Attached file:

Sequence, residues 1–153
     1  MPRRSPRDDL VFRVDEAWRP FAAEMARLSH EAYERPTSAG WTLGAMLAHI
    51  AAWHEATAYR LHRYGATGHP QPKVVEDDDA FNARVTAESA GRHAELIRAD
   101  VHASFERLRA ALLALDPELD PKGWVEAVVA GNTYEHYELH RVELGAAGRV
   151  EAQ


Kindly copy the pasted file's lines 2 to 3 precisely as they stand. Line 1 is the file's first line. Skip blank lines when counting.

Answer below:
     1  MPRRSPRDDL VFRVDEAWRP FAAEMARLSH EAYERPTSAG WTLGAMLAHI
    51  AAWHEATAYR LHRYGATGHP QPKVVEDDDA FNARVTAESA GRHAELIRAD